Greeting, closing, signature.
Be sure your greeting and closing show the same level of formality.
Often in email you'll want a friendly but polite tone.
Hello works just fine.
Hi is common, too,but it's less formal.
You'll see variation with punctuation marks, especially in personal email.
Commas, dashes, exclamation points...
To me an exclamation point can appear to be less formal and friendlier,
but it's not really necessary.
Be careful with exclamation points, and don't use too many in one message with:
Hi! Hey! Bye! Take care!
Look at all these possible greetings.
They're friendly yet polite.
Hello to you all,
Friendly and polite closings
All the best,
Now let's look at friendly but polite closings.
You're basically sending your best wishes.
I promise I'll show more greetings and more closings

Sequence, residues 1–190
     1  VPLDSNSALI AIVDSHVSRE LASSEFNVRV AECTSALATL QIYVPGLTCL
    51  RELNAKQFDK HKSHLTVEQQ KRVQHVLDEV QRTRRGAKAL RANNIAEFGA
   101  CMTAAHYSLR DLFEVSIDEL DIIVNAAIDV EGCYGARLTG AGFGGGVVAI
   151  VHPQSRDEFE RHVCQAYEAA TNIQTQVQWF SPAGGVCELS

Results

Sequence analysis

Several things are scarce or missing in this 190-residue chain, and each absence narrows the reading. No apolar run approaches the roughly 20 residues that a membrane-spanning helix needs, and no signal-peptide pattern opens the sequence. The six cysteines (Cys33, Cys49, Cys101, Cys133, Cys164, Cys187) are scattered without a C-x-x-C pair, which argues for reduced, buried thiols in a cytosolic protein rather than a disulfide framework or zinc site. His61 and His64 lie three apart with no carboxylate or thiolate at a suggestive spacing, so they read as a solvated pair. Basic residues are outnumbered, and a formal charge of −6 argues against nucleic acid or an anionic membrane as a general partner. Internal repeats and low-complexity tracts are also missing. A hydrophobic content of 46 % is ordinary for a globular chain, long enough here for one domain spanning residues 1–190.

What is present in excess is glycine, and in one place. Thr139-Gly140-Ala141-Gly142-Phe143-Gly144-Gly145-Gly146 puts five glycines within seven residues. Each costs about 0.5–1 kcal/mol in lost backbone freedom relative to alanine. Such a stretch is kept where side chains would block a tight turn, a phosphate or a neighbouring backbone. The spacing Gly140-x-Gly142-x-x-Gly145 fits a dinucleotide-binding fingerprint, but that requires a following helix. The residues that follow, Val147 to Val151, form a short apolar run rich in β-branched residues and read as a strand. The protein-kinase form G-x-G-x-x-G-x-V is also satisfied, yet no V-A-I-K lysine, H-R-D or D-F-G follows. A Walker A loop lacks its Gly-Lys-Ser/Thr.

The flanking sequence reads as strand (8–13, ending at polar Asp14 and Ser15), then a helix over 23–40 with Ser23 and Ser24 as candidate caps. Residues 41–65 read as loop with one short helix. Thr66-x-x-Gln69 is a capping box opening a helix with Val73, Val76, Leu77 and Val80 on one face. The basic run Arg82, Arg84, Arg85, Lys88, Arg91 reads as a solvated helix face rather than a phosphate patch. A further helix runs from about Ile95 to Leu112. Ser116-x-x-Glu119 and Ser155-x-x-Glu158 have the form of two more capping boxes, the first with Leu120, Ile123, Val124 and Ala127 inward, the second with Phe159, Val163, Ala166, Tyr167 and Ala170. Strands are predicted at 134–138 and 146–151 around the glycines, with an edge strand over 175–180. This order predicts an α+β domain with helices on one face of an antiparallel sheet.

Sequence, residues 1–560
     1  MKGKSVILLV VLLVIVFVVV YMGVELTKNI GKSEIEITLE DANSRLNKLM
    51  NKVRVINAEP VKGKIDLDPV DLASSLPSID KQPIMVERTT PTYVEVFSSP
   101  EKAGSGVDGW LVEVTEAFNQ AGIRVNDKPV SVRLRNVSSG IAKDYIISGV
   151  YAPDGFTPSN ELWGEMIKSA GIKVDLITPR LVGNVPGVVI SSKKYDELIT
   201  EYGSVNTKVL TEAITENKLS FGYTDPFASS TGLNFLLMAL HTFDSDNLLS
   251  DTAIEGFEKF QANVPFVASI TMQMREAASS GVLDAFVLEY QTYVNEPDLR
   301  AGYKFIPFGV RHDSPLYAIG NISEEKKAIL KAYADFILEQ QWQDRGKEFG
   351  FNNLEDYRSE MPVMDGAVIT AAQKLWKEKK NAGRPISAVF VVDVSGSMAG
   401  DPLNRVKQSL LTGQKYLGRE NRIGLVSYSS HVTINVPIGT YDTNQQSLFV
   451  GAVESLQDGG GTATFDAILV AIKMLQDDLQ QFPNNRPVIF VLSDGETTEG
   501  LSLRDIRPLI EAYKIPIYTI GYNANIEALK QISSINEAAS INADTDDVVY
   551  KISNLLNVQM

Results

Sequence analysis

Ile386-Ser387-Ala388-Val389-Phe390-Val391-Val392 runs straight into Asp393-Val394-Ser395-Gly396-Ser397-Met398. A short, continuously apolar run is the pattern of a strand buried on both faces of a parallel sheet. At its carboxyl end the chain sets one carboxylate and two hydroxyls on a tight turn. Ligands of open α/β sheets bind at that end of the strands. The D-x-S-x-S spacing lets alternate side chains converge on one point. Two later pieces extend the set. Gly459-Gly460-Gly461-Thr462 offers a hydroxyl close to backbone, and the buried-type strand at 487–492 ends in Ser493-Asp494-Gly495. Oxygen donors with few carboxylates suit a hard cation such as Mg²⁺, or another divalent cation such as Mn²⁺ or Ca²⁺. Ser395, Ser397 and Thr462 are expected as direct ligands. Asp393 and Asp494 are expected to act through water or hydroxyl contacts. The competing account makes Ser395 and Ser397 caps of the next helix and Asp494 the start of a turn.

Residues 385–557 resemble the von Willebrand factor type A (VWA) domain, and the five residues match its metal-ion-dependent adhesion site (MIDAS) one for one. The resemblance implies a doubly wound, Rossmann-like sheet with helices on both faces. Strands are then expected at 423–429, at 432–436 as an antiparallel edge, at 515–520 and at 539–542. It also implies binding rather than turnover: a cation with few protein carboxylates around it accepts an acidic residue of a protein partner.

in future lessons, and I'll tell you which ones are appropriate for very formal or informal email.
Let's look at one more model. Here we have a message being sent out to a list of neighbors, so it definitely needs to sound friendly.
And yet this is a community event. The subject is "Earth Day neighborhood event."
So it's not exactly informal. We need a friendly but polite tone.
The greeting and closing match in tone. Let's read and you'll see how this friendly and polite tone is used throughout the message.
This message has a signature. Three to be exact.
But not all emails include the sender's name.
At the end of an email message, should you sign your name? Most of the time - yes.
It's a good practice.
Here are three tips when you type your signature.
First, you can use your initial, but only do that in an informal message.
And be absolutely certain that your reader or readers know it's you.
Second, don't add a period after your name.
That's not a common or standard practice in English.
And last, don't forget that you can use your email settings to include contact information as part of your signature. That's especially helpful for business email.
That's all for now. Thanks for watching and happy studies!